Social Security is vital to the financial well-being of our nation’s retired workers, as well as millions of workers with disabilities and the survivors of deceased workers.
The Center on Budget and Policy Priorities released a report in April 2022 that showed that nearly 22.5 million people are pulled out of poverty each year as a result of Social Security payments. What’s more, the poverty rate for aged Americans sits at 9% because of Social Security’s existence, as opposed to an estimated 38% without the program.
Yet as amazing as this program has been for more than eight decades, Social Security is rife with issues.
Social Security has a couple of well-known, long-standing issues
The latest annual report from the Social Security Board of Trustees projects that the Old-Age and Survivors Insurance Trust, which is what provides monthly benefits to retired workers and survivors, is on pace to deplete its asset reserves — the excess revenue built up since inception — by 2034. Although Social Security and the OASI are in no danger of insolvency or going bankrupt, failing to fix this capital shortfall could result in retired worker and survivor benefits being cut by an estimated 23% in 12 years.
Some of Social Security’s shortcomings are well known. For instance, the ongoing retirement of baby boomers from the workforce is something lawmakers have known for decades would adversely affect the program. As more boomers enter retirement, the worker-to-beneficiary ratio has fallen. In other words, there aren’t enough new workers to counter the retirement of boomers.
Another Social Security problem that’s well documented is the inability of the cost-of-living adjustment (COLA) to keep up with the true inflation seniors are contending with.
Ideally, Social Security’s inflationary tether, the Consumer Price Index for Urban Wage Earners and Clerical Workers (CPI-W), should help keep the purchasing power of Social Security dollars steady with the rising price of goods and services. However, Social Security policy analyst Mary Johnson of The Senior Citizens League, a nonpartisan senior advocacy group, notes that the purchasing power of Social Security benefits has plunged 40% since 2000.
As you’ll note by the full name of the CPI-W, it’s designed to track the spending habits of urban and clerical workers, many of whom are of working age and don’t receive a monthly Social Security benefit. That’s a problem, because most beneficiaries are senior citizens. As a result, important costs to retirees tend to be underweighted in the COLA calculation, while less-important expenses are given added weighting.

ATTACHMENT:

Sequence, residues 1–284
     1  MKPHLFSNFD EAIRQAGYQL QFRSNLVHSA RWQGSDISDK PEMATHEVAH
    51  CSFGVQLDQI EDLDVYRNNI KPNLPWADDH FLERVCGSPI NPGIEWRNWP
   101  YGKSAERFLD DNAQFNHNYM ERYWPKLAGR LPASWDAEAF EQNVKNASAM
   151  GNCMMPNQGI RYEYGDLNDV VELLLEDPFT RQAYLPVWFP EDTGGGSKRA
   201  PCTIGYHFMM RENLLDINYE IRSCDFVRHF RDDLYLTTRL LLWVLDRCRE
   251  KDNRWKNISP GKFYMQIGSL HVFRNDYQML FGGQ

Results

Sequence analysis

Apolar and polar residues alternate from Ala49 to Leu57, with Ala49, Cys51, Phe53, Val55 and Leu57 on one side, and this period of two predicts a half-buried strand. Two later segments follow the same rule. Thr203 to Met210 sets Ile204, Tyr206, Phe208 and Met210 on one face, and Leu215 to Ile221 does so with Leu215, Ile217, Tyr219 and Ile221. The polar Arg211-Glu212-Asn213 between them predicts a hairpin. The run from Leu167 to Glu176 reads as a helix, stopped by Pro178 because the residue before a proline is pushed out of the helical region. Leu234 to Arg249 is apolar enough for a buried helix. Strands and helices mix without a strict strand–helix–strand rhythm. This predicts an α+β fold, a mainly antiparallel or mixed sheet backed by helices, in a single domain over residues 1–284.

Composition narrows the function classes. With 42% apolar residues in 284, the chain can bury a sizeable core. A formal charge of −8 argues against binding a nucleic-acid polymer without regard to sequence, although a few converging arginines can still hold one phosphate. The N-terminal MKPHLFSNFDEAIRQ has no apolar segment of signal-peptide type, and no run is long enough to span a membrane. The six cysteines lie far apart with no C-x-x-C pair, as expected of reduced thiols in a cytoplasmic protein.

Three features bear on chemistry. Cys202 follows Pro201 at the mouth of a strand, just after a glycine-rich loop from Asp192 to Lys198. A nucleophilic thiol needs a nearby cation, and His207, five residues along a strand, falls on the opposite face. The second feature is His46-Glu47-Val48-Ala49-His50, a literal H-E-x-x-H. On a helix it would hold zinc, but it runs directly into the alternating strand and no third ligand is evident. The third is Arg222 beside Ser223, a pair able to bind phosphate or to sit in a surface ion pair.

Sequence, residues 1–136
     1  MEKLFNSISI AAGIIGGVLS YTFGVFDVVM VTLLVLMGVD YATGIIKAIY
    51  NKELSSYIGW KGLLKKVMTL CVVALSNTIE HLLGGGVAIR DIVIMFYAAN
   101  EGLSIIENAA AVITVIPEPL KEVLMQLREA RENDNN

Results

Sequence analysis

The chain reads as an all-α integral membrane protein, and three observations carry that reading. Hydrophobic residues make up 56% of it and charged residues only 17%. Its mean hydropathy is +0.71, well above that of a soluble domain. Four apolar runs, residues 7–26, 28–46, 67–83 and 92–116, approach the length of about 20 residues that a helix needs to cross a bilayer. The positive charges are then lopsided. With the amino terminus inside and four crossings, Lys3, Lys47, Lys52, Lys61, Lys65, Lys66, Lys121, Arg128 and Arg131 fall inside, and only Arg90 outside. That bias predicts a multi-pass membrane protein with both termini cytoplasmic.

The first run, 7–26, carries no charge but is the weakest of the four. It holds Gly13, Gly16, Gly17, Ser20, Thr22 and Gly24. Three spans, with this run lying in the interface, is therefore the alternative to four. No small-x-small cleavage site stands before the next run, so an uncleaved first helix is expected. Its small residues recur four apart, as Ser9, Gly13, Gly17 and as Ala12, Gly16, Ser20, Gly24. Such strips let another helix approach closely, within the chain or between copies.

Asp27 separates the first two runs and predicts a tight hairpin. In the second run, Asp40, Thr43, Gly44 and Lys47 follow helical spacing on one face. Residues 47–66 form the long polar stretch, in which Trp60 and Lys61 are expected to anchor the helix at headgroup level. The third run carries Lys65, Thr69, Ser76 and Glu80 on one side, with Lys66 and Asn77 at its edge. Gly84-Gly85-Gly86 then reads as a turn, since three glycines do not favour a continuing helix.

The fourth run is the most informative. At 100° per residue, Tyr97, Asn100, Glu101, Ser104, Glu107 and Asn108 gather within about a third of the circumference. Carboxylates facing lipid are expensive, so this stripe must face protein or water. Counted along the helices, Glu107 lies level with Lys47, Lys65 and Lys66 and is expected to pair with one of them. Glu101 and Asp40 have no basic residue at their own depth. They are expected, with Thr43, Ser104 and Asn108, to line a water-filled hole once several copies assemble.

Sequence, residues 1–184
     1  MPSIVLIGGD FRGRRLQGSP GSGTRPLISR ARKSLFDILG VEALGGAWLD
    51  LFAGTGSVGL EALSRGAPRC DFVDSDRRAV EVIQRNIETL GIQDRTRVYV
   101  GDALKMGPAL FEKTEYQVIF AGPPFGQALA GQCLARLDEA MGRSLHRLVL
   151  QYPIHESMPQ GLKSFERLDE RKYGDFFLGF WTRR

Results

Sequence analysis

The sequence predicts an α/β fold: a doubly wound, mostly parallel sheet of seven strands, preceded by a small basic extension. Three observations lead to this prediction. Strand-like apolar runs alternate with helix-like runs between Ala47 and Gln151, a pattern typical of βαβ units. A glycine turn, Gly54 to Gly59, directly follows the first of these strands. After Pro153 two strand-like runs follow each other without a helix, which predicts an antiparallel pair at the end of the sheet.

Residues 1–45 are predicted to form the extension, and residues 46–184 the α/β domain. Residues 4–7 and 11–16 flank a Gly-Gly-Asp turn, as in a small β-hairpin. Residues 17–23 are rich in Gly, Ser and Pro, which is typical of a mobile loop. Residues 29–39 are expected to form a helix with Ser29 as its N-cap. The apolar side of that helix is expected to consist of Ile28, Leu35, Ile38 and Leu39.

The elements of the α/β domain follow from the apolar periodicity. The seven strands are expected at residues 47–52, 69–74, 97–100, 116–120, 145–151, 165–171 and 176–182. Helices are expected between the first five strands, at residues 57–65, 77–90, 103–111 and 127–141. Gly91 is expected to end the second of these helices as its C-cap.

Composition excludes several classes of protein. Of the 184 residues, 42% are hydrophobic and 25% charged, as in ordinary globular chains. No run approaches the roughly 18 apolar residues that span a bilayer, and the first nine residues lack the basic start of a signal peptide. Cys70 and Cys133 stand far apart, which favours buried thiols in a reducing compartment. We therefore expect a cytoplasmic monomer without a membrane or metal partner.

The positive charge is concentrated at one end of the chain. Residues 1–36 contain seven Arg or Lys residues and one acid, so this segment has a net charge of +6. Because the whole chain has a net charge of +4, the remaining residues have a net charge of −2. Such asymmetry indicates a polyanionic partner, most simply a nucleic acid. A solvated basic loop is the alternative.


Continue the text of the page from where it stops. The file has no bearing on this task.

The two huge Social Security problems no one is talking about
But these well-known shortcomings represent only half the story of what’s troubling Social Security. There are two other big problems playing a key role in Social Security’s projected cash shortfall by 2034 — and hardly anyone is talking about either issue.
1. Historically low birth rates
The first problem that’s flown under the radar is America’s steadily declining birth rate. According to the Centers for Disease Control and Prevention, the U.S. fertility rate — i.e., an estimate of the average number of babies a woman will have in her lifetime — needs to be 2.1 to exactly replace a generation. In 2020, the U.S. fertility rate screamed to an all-time low of about 1.6 expected births per woman. Birth rates have been precipitously declining for more than a decade.
The reason for this decline is complex and the result of a long list of plausible factors. We’re witnessing couples waiting longer to get married and have children. There’s also been a drop-off in unintended pregnancies, which could be a reflection of Americans having easier access to contraceptives.
Even the U.S. economy could be to blame. The Great Recession (2007-2009), COVID-19 pandemic, and current technical “recession” all weighed on consumers’ pocketbooks and made them think twice about the added costs of having children.
Historically low birth rates will add even more pressure to Social Security’s already declining worker-to-beneficiary ratio. If there aren’t enough future workers to counter those retiring from the labor force, the Social Security cash shortfall could be even larger than the Board of Trustees’ current forecast.
2. A sizable drop-off in legal immigration
The other problem for Social Security that isn’t being given nearly enough attention is the more than two-decade drop-off in legal immigration into the United States.
Despite what you might have heard or read, immigration is 100% a positive for Social Security. Most legal immigrants coming to the U.S. tend to be younger, meaning they will spend decades in the labor force, generating payroll tax revenue that supports Social Security. In fact, the Social Security Board of Trustees is currently modeling an average of 1,281,000 legal immigrants entering the U.S. annually over the next 75 years.
Unfortunately, legal immigration into the U.S. has been steadily declining since the 1990s. Whereas approximately 8.86 million total legal immigrants entered the U.S. in the five-year period ending in the first half of 1997, just 4.77 million people legally entered the U.S. in the five-year period ending in the first half of 2017, according to data from the World Bank. One can only assume the immigration picture has been even more challenging during the COVID-19 pandemic.
If the legal immigration drop-off and declining birth rates aren’t addressed relatively soon, Social Security could face a steep cash shortfall.
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